How To Work With An Architect
Working with an Architect
Working with an Architect is not something many homeowners do on a regular basis. To find out answers to questions like: Do you really need an Architect, what is the value of an Architect, what should I expect from my Architect, what should I expect to pay for services, and what makes a project great?
Frequently Asked Questions
An Architect must be licensed and registered in the state in which they are working and in the state where the project is located. Members of the Clawson Architects Team hold licenses in the following states: New Jersey, New York, Florida, and Vermont. Below are the license verification sites. Put in your architect's name and check. Learn what is required in your state of the professional you choose. Your architect should also be able to provide you with a Certificate of Insurance.
New Jersey State Board of Architects
Architect - Certificate of Authorization - Clawson Architects, LLC
Architects - Marvin Clawson, Mary Clawson
New York State Education Architecture: Office of the Professions
Architects - Marvin E. Clawson, Mary Rene Clawson
Florida License Verification
Architect - Marvin E. Clawson
Vermont Secretary of State Professional Licensing
Architect - Marvin E. Clawson
Working with Clawson Architects
Marvin and René believe that the success of our projects is based on our commitment to serving our clients. We are creative. We are loyal to our clients and their needs and we are grateful for each and every opportunity we have to make a positive impact on the lives of the people we work with and the communities they live in.
- The personal attention of Marvin and/or René is guaranteed through out the process. Their plans are based on conversations with you about what you are trying to achieve. No project is ever the same, which makes each job unique and interesting. The scope of your project, your budget or your location does not impact the care or level of service you receive.
- No project is ever too small. Whether it is a new portico and stoop for your home, renovations to an existing bathroom and kitchen or a new home from the ground up, The Clawson Team of licensed professional architects understand details and scale which will insure that the investment in your home is well designed and executed for long term value.
- Marvin and René and the Clawson Team work for you. We are not in the business of selling products or taking a percentage of what you purchase or a cut from the contractor you select. Clawson Architects will do their best to educate you and provide you with information so you can make informed decisions and achieve your goals.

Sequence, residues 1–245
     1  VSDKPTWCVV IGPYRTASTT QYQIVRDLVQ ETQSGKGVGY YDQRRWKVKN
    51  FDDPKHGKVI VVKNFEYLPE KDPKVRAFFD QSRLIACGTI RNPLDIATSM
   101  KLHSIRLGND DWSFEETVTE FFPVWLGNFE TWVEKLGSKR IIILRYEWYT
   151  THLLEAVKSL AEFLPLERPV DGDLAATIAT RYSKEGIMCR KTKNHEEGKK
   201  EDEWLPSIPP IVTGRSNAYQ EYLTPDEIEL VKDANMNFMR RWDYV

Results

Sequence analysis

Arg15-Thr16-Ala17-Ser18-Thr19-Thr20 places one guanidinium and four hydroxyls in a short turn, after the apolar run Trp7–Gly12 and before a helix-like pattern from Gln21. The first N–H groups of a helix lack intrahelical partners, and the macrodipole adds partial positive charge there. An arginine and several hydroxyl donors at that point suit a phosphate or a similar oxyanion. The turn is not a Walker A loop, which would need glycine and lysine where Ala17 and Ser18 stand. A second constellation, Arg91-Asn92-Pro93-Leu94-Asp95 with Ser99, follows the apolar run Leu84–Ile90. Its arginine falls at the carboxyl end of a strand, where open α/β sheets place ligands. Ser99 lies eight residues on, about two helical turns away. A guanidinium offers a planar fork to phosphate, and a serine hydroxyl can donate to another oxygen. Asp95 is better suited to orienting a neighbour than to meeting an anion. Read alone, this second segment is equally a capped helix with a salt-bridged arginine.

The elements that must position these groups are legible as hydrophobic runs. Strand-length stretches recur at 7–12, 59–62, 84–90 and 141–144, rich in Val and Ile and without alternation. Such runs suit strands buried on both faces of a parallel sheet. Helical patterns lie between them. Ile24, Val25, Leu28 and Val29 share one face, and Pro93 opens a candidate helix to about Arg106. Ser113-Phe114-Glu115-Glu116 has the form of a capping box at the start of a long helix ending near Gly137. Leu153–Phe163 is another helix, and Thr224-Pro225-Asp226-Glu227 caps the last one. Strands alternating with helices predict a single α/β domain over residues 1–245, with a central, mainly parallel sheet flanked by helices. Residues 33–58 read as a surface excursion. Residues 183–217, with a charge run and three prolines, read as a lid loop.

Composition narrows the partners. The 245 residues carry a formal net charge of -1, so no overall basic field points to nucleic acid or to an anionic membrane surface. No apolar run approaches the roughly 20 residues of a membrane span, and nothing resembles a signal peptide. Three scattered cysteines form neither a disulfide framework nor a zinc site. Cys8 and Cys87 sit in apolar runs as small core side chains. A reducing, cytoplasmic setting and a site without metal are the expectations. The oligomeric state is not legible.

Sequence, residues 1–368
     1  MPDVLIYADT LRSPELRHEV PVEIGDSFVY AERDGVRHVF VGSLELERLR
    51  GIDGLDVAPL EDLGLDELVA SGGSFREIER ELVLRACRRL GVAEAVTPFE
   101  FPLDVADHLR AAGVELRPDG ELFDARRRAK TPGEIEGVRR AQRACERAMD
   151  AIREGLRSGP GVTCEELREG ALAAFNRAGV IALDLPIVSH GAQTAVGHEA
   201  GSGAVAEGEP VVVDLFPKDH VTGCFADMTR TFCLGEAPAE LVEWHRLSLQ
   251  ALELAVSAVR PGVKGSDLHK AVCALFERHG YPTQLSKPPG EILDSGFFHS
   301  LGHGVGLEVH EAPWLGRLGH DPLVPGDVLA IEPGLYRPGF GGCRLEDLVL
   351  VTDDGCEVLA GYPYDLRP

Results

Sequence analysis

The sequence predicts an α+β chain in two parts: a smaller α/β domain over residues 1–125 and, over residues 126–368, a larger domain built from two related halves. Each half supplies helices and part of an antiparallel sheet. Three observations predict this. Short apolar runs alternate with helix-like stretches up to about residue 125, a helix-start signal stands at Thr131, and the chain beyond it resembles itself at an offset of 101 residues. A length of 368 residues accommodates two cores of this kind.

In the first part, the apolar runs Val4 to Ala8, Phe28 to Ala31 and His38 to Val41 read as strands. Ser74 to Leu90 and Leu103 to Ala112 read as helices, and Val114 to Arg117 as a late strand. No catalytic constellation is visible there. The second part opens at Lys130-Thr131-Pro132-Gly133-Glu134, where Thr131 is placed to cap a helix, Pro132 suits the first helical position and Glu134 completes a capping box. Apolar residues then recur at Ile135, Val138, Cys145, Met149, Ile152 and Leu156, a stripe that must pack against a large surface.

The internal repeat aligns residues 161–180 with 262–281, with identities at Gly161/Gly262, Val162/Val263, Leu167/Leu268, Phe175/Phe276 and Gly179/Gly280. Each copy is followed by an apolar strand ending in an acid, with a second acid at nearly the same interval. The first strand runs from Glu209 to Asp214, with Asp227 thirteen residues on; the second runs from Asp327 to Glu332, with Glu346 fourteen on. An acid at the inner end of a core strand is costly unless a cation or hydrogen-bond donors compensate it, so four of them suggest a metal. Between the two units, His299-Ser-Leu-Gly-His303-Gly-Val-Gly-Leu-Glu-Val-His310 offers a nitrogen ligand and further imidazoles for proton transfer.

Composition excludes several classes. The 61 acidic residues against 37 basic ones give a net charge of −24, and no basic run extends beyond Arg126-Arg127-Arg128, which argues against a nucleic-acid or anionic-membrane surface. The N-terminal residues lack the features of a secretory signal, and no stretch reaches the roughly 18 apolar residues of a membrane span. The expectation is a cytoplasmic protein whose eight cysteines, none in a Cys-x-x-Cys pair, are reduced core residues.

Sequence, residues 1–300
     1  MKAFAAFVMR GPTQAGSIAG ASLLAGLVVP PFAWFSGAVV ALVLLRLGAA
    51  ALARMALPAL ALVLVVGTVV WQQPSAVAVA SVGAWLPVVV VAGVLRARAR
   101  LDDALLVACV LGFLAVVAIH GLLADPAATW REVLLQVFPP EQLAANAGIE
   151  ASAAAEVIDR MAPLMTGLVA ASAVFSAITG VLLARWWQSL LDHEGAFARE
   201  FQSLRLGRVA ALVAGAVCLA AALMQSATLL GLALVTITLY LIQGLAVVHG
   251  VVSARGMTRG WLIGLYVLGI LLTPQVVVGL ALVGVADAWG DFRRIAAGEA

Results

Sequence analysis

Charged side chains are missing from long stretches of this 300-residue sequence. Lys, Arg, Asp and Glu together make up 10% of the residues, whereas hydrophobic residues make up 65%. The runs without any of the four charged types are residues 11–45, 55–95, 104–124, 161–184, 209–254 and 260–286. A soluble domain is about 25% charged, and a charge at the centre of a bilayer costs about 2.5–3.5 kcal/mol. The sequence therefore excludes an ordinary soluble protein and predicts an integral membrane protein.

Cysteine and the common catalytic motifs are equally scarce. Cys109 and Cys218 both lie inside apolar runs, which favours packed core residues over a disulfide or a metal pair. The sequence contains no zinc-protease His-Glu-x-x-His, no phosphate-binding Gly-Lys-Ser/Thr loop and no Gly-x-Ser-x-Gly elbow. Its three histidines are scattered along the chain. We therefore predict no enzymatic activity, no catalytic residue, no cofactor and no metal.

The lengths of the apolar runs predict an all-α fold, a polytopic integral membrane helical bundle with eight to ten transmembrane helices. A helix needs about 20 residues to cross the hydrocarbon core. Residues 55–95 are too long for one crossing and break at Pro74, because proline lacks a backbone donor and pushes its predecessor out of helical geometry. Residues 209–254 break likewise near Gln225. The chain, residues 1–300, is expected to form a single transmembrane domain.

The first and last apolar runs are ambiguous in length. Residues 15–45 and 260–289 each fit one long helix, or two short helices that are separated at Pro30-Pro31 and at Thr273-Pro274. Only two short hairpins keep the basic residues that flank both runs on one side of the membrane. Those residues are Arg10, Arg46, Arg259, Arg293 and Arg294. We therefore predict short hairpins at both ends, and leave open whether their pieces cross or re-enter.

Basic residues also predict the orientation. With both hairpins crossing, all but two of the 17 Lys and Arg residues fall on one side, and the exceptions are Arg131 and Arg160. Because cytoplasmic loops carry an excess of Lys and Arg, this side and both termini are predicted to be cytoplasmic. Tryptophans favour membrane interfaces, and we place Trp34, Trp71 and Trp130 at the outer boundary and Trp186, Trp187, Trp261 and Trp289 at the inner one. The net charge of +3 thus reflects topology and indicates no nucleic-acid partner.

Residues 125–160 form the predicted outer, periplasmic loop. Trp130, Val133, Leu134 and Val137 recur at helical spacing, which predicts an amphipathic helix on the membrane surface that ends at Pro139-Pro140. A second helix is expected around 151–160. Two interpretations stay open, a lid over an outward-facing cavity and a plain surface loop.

- Accountability, Compassion, Excellence and Integrity are the core principles that we use to guide our practice.
Developing a budget for your project
Clients often have questions about budgeting for their projects. Budgets are very personal, and how you get to a number you are comfortable with can be achieved in several ways. The current value of your home and the market comps in the area are a good place to begin. If you are thinking of adding a family room, you may want to investigate what similar homes in your neighborhood with a family room are selling for. In some cases, clients are adding on to or renovating their homes based on how they want to live and resale is a minor concern. The link below illustrate costs vs. value on several different projects in different regions as well as midrange vs. upscale. We have found that the cost numbers in the following link to be realistic ones: Remodeling.hw.net
Clawson Architects uses a process in developing your project. While no two projects or clients are exactly the same the process will follow similar steps. Depending on the size and scope your project, some steps will overlap and others may not occur. As an example, Existing Conditions for an interior renovation that do not include an addition, would not require any site work or surveys, while a new home on a vacant lot would need a site and soil analysis.
Development of Client Program
- Develop preliminary scope of work.
- Develop desired space allocations for rooms and/or areas.
- Develop overall strategy for the house/property.